Oil Patch residents want voice in new legislation: Concerns voiced at 'Build a Better Bakken' meeting about water usage, safetyBISMARCK — Brenda Jorgenson wasn’t used to being a public speaker or environmental advocate.
By: Amy Dalrymple, Forum Communications
BISMARCK — Brenda Jorgenson wasn’t used to being a public speaker or environmental advocate.
But the third-generation farmer and rancher near White Earth is becoming one as she works to prevent oil development from harming the White Earth Valley for future generations.
“I’ve learned that I have to because I feel that I’ve been called to be a steward of the land that we’ve been privileged to farm and ranch,” she said.
Jorgenson and two other residents in the epicenter of North Dakota’s oil development spoke about the impacts Saturday during the Dakota Resource Council’s annual meeting in Bismarck.
During the meeting, themed “Build a Better Bakken,” members passed a resolution to work with legislators to direct at least 40 percent of local oil tax revenue back to the impacted communities.
Members also plan to support legislation directing a minimum of $10 million from the Resources Trust Fund for programs that support energy efficiency, energy assistance and renewable energy.
Residents of the oil-impacted communities need to be heard during the legislative session, said panelist Cedar Gillette, a New Town resident.
“We need a voice and we need a voice in legislation,” Gillette said. “Everything is not ‘Rocking the Bakken.’”
Donny Nelson, a farmer and rancher near Keene, said his greatest concern is the millions of gallons of water being taken out of aquifers for hydraulic fracturing.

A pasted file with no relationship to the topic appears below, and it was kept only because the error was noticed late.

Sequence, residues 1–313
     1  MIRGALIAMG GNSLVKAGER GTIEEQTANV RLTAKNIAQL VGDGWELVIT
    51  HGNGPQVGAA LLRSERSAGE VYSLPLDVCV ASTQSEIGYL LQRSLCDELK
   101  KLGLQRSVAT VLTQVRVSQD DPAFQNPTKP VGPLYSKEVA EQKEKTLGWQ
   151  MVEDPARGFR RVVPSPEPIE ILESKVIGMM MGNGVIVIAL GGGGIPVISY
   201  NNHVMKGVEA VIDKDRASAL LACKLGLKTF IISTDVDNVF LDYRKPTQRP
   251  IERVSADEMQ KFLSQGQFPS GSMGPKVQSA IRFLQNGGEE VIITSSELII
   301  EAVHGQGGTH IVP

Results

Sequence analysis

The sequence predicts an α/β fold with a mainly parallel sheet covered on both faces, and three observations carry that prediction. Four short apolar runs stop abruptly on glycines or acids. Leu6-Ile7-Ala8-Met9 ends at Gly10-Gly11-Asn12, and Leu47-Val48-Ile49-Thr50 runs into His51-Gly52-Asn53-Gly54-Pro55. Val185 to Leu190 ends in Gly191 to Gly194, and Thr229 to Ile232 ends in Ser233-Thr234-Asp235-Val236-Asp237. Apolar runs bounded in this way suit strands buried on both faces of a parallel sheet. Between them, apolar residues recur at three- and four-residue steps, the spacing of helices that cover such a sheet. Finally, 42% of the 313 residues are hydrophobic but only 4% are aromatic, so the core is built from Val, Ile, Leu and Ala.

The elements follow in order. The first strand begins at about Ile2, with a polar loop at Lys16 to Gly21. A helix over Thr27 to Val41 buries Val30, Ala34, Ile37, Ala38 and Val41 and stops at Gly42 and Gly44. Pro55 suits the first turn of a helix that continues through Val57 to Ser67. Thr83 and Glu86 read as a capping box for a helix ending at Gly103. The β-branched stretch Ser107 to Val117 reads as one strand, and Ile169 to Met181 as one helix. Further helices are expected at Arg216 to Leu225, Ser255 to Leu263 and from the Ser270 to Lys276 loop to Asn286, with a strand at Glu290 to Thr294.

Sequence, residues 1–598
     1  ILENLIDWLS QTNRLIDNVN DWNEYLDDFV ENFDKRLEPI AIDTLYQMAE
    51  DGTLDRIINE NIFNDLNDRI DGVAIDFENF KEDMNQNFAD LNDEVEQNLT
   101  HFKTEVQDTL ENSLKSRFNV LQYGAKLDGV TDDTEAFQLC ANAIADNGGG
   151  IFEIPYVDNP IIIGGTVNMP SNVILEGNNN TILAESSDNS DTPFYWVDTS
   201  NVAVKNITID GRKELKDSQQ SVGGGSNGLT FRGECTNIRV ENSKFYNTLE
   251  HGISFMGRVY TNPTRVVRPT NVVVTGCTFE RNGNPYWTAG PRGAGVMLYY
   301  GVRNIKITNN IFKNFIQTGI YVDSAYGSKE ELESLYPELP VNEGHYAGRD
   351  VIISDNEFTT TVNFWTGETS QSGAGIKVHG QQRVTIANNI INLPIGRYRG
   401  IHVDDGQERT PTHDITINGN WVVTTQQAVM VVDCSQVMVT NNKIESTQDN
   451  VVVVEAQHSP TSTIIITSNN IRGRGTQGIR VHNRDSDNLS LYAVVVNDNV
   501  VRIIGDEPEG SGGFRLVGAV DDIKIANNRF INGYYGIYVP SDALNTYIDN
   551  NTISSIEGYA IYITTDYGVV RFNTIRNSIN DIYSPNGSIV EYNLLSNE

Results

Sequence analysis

“I don’t think we have the right to use that water like that,” Nelson said. “The future generations are going to be the ones that suffer.”
Nelson also raised concerns about flaring of natural gas, and several in attendance said the North Dakota Industrial Commission should do more to restrict flaring and stop wasting the natural resource.
Jorgenson, who has an oil well 800 feet from her home, said the flare is noisy.
“Some days it sounds like a jet engine right outside,” she said.
But it’s even worse when the flare goes out because “we get terrible smells and it infiltrates the house, the yard,” Jorgenson said.
Gillette said residents of the Fort Berthold Reservation are “trampled” by oil impacts like housing shortages, cost of living increases, dangerous truck traffic and increased crime.
“Our sense of public safety is gone. We don’t know who’s around us,” Gillette said. “It just feels like we’re surrounded by this chaos and we don’t know what’s going on.”
Residents are so overwhelmed by the everyday impacts that it’s difficult for them to attend public hearings or educate themselves on environmental issues, Gillette said. Agencies should notify the public about hearings and put the information in plain language, “not just so a scientist can read it,” Gillette said.
Jorgenson said it’s difficult to find out about hearings to approve permits related to oil and gas development.
“For a person to object, how do you know?” Jorgenson said. “I can’t believe the rigmarole it takes to try to find that out.”